How to recognize and react to a food allergy in you or your children.
A food allergy is a malfunction in the immune system. It occurs when your immune system reacts to a component, usually a protein, found in a specific food as if it is something unhealthy. This can happen even if you have only a tiny amount of the food, or sometimes even if it is too close to you.
Globally, somewhere between 2 and 10 percent of people have food allergies. Rates of food allergies are on the rise; in the United States, the portion of children with food allergies increased from 3.4 percent in 1997 to 5.1 percent in 2011, and the National Institute for Allergy and Infectious Diseases reports that about 4 percent of adults in the United States have food allergies as well.
Though you can be allergic to the same foods for your entire life, many children outgrow allergies as they get older. Adults can also develop allergies that were not present when they were younger.
Common food allergies
While any type of food can be an allergen, the American College of Allergy, Asthma & Immunology (ACAAI) warns that eight foods are responsible for about 90 percent of all food allergies.
These foods are eggs, peanuts, milk, tree nuts, soy, wheat, shellfish, and fish. In some parts of the world, sesame and mustard seeds are also common allergens that trigger strong reactions.
Many food allergies are related to non-food allergies. Someone with an allergy to ragweed, for example, may also react to melons and bananas because they pollinate at the same time and contain similar proteins. This is known as cross-reactivity.
Because food allergies can range from mild and uncomfortable to severe and life-threatening, it is important to be able to recognize the signs of an allergic reaction so you can seek medical help right away.
Common food allergy symptoms
Different food allergies often cause similar symptoms. These reactions usually affect the skin, digestive system, heart, and breathing.
Someone having an allergic reaction may develop hives or dry, red patches on their skin. They may vomit, have stomach cramps, develop diarrhea, or feel weak and dizzy. Some food allergy symptoms resemble those of non-food allergies, such as watery eyes or itchy, running nose. You may also notice swelling in your hands, face, and ears.
More severe food allergy symptoms include shortness of breath, wheezing, swelling of the tongue, tightness in the throat or chest, or a weak pulse.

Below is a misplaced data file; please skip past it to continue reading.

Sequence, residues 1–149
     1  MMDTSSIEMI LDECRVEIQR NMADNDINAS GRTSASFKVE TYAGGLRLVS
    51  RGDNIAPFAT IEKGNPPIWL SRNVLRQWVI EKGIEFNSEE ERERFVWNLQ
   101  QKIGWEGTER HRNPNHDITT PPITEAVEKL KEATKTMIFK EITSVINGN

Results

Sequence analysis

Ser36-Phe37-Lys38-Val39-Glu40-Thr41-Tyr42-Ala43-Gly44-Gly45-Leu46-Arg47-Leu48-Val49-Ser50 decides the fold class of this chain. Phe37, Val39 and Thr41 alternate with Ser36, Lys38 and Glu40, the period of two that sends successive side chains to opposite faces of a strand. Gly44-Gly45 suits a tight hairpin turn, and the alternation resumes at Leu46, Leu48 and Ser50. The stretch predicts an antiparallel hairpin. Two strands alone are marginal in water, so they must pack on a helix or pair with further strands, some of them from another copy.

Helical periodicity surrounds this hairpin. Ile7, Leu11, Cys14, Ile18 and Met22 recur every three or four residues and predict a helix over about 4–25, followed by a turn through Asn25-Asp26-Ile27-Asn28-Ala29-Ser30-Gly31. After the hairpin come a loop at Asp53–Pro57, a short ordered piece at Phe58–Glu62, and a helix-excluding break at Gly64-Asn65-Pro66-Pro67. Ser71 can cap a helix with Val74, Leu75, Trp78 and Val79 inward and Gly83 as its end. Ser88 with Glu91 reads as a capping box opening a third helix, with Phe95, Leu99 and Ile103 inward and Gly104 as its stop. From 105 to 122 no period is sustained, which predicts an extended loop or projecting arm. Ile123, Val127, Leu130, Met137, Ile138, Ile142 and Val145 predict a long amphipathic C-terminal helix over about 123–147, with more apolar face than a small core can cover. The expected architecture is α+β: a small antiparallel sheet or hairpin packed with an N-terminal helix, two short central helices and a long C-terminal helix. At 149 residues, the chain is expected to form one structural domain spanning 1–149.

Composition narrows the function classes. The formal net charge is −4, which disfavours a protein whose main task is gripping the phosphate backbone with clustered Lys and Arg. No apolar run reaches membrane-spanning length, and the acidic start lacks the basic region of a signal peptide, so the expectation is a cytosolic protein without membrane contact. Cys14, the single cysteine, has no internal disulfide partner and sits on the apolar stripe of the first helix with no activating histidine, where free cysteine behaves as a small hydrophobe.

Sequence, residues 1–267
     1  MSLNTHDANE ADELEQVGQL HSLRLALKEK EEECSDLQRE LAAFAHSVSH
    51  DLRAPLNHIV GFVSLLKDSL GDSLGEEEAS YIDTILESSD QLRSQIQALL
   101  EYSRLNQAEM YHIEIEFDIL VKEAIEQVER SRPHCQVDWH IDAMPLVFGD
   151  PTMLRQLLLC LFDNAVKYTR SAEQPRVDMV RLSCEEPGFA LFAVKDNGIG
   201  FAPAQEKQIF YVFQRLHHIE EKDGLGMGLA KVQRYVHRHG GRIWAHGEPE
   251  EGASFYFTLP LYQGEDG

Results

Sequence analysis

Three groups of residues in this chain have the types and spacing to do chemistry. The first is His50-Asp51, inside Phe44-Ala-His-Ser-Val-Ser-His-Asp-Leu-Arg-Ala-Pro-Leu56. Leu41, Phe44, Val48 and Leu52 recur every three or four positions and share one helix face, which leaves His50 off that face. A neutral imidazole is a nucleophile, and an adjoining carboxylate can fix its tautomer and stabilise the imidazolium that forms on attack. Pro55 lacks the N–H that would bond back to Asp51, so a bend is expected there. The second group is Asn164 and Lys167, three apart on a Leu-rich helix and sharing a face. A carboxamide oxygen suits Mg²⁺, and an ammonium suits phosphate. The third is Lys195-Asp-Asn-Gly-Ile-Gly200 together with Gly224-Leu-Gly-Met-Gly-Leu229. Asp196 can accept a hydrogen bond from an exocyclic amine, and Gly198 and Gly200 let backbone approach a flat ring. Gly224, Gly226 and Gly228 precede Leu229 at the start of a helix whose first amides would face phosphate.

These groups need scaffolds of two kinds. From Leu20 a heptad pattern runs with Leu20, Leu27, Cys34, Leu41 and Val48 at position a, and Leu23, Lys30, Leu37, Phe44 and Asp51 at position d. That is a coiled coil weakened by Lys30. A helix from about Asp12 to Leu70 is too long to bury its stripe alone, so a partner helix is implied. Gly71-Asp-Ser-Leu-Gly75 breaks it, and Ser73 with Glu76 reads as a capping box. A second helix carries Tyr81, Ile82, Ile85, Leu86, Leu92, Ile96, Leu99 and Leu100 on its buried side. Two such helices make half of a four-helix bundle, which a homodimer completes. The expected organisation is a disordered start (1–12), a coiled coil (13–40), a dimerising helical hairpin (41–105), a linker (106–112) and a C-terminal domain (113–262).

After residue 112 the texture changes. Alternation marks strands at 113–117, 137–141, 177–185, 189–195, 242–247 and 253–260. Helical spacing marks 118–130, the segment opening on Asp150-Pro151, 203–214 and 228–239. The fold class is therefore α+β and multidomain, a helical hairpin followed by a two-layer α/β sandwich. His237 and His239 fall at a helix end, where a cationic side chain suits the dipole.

In the most dangerous cases, a person in the middle of an allergic reaction may collapse or go into anaphylaxis, a dangerous reaction that sends the body into shock and can impair breathing. Anaphylaxis can be life-threatening and requires immediate medical attention.
How your child may describe an allergic reaction
Adults can often tell when they are having an allergic reaction, but children will often describe their symptoms in unexpected ways because they do not know what is happening.
If your child has a food allergy, the child may describe a burning, itching, or thick feeling in his or her tongue or mouth after eating certain foods. Some children say that it feels as if something is stuck in their throat. Children may describe their lips or throats as tight and full, or say that there is a sensation like bugs in their mouth or ears.
You may also notice external signs, such as hives or swelling, or hear that your child’s voice has become slurred or squeaky. Infants may also become fussy or have irregular, liquid bowel movements.
How to respond to food allergy symptoms
You can often treat mild allergic symptoms, such as swelling, watery eyes, or itchy skin, with over-the-counter antihistamines. However, the ACAAI cautions that even someone who has experienced only mild symptoms in the past can suddenly have a more severe or even life-threatening reaction.
In the case of a severe allergic reaction, such as trouble breathing or symptoms of shock, it is important to seek medical help immediately. And if you or someone in your care experiences any sort of allergic reaction to food, no matter how mild, speak to a healthcare professional as soon as possible.
A doctor can advise you on how to remove the food you are allergic to from your diet. You may also be prescribed an epinephrine auto-injector for use in the case of anaphylaxis or other life-threatening symptoms.
December 09, 2016
Janet O’Dell, RN